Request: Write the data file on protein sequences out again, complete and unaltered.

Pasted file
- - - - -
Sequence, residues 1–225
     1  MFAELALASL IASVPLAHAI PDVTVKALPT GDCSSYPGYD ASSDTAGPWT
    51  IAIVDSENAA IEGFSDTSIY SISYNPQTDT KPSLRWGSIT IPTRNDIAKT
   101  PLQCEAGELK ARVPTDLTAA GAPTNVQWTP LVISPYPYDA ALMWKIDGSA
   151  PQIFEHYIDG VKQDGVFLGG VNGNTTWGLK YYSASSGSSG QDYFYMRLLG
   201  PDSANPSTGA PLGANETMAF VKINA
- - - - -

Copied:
Sequence, residues 1–225
     1  MFAELALASL IASVPLAHAI PDVTVKALPT GDCSSYPGYD ASSDTAGPWT
    51  IAIVDSENAA IEGFSDTSIY SISYNPQTDT KPSLRWGSIT IPTRNDIAKT
   101  PLQCEAGELK ARVPTDLTAA GAPTNVQWTP LVISPYPYDA ALMWKIDGSA
   151  PQIFEHYIDG VKQDGVFLGG VNGNTTWGLK YYSASSGSSG QDYFYMRLLG
   201  PDSANPSTGA PLGANETMAF VKINA